Iraqi authorities and aid agencies are already struggling to cope with a surge in displacement since security forces opened a new front against the militants in Mosul this month.
Backed by a U.S.-led coalition, Iraqi forces have dislodged IS from all but about 12 square kilometers (five square miles) of the city and are seeking to claim victory before the holy month of Ramadan in less than two weeks.
The militants, however, still control the Old City, where they are expected to make their last stand in the densely populated, narrow streets that are impassible for armored vehicles.
Military commanders say the aim is to raise the Iraqi flag over the Old City's Nuri mosque, from which IS leader Abu Bakr al-Baghdadi proclaimed a caliphate, so the battle can be declared won even if pockets of resistance remain.
'As military operations intensify and move closer to Mosul's Old City area, we expect that up to 200,000 more people will flee,' Lise Grande, the U.N.'s humanitarian coordinator for Iraq, said in a statement, describing the figures as 'alarming.'
'The numbers of people who are moving are now so large, it's becoming more and more difficult to ensure civilians receive the assistance and protection they need,' she added.
FILE - A humvee of the Iraqi Federal Police drives through an abandoned street in western Mosul, Iraq, May 2, 2017.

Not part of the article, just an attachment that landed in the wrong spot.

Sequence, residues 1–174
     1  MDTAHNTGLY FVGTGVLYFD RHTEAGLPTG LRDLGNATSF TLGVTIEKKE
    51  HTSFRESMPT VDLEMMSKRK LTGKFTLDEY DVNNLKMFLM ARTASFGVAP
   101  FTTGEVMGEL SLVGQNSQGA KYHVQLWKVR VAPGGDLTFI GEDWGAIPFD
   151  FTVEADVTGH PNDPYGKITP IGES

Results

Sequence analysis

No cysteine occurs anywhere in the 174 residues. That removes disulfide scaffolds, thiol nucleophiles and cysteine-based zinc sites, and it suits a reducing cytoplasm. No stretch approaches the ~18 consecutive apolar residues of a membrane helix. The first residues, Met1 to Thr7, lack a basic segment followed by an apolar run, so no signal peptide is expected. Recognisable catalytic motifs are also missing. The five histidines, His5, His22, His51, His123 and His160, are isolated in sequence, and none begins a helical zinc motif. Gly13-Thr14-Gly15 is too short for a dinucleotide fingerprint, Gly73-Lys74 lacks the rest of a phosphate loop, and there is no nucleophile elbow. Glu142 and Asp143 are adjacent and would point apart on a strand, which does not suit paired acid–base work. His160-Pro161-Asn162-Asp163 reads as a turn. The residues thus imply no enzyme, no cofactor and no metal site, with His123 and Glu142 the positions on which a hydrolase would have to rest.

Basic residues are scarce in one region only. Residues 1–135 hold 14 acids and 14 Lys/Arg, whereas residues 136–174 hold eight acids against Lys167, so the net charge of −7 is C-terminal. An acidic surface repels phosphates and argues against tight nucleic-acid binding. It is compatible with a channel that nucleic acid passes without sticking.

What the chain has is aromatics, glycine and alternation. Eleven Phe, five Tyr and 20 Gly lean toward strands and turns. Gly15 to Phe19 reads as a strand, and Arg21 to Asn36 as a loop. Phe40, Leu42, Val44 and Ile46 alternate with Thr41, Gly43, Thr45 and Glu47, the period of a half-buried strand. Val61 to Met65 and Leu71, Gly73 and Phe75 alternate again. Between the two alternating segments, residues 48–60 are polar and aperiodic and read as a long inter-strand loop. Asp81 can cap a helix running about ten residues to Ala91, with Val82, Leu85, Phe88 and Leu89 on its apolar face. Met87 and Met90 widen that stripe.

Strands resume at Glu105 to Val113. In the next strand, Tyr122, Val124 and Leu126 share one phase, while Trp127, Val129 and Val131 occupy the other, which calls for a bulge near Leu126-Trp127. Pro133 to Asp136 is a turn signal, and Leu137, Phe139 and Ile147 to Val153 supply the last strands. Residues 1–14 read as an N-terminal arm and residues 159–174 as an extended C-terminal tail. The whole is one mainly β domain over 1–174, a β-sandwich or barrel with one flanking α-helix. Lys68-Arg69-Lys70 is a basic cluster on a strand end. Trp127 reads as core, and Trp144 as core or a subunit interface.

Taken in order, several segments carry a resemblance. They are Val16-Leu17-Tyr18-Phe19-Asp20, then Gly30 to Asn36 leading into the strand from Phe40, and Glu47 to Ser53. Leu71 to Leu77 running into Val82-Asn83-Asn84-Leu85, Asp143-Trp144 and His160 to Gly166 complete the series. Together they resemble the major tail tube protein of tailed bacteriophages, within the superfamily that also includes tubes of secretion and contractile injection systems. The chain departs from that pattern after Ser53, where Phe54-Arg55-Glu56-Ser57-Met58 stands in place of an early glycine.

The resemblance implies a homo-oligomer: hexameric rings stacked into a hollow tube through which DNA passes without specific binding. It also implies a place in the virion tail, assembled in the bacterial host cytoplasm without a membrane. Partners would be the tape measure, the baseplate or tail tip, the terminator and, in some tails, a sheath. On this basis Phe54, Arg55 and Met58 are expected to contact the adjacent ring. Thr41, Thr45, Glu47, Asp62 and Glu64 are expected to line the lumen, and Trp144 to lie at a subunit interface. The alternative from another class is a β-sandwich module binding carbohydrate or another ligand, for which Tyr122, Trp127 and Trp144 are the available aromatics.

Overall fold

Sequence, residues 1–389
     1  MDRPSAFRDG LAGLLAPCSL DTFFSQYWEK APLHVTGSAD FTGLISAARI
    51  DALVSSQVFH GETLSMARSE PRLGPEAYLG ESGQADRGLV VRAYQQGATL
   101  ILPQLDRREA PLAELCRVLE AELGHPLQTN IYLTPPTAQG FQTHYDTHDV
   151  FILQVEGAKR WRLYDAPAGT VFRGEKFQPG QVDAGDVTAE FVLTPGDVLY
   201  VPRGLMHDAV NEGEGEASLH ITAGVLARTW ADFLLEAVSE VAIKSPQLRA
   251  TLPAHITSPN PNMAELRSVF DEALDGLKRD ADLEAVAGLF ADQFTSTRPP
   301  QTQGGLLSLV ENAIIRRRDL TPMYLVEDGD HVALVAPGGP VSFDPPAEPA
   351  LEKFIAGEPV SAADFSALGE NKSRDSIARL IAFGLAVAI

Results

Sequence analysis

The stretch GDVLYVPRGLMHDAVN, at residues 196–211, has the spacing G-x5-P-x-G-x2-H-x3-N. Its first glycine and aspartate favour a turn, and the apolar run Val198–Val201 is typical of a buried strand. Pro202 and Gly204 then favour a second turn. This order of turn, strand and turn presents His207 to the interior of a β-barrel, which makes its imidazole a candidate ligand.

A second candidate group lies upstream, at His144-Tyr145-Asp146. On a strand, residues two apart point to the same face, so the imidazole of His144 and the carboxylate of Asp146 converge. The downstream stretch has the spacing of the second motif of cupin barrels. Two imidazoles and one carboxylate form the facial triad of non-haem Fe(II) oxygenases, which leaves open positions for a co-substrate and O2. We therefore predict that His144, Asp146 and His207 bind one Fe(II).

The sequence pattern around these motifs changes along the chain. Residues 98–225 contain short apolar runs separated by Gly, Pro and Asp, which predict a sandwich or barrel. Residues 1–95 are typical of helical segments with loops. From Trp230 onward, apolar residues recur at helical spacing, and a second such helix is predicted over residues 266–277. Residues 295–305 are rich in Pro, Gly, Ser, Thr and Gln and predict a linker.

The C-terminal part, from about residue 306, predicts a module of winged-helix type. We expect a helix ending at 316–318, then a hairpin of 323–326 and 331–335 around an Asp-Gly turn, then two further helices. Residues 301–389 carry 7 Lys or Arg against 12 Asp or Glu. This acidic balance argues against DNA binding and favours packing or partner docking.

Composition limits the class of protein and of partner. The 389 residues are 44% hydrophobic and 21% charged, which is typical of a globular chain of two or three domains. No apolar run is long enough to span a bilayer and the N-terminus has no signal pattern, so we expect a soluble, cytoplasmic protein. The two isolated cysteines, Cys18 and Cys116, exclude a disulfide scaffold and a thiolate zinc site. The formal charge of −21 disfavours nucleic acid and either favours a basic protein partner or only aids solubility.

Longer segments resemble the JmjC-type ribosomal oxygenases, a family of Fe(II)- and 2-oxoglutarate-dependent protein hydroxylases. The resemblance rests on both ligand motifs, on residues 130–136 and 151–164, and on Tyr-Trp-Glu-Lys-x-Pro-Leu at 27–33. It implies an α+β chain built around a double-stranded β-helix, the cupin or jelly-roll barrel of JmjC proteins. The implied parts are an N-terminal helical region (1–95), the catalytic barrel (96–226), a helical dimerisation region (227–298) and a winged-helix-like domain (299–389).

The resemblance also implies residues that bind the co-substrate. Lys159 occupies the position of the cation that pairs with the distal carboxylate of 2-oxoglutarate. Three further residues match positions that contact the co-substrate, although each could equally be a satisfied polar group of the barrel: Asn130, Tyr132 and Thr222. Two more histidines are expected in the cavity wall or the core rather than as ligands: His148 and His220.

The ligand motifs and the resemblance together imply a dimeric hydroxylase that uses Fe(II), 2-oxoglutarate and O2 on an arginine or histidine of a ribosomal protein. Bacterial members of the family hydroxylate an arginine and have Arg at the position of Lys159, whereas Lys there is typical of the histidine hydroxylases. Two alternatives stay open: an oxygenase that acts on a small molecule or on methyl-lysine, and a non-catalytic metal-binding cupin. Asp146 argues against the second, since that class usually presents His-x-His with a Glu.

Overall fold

Complications for Iraqi advance
The displacement is also complicating the advance of Iraqi forces, according to Brigadier General Ali al-Sharifi of the Federal Police, which are fighting in the 17 Tammouz district.
'We didn't expect such a flux of thousands of families fleeing toward our forces,' al-Sharifi said. 'We slowed clashes to give them safe routes, and we had to prepare hundreds of trucks to evacuate them. It's not an easy situation.'
Among those freed from IS Thursday were two girls from the Yazidi minority who had been held captive since the militants overran their villages nearly three years ago, Federal Police chief Lieutenant General Raed Shaker Jawdat said in a statement.
Seven months since the start of the Mosul campaign, nearly 700,000 people have fled Mosul, seeking refuge either with friends and relatives or in camps.
Human Rights Watch said Thursday that the Iraqi army and other local security forces had forced over 300 displaced families to return to western districts of Mosul that are still at risk of IS attack.
'These families should not be forcibly returned to unsafe areas and areas that lack adequate water, food, electricity or health facilities,' said Lama Fakih, deputy Middle East director at Human Rights Watch.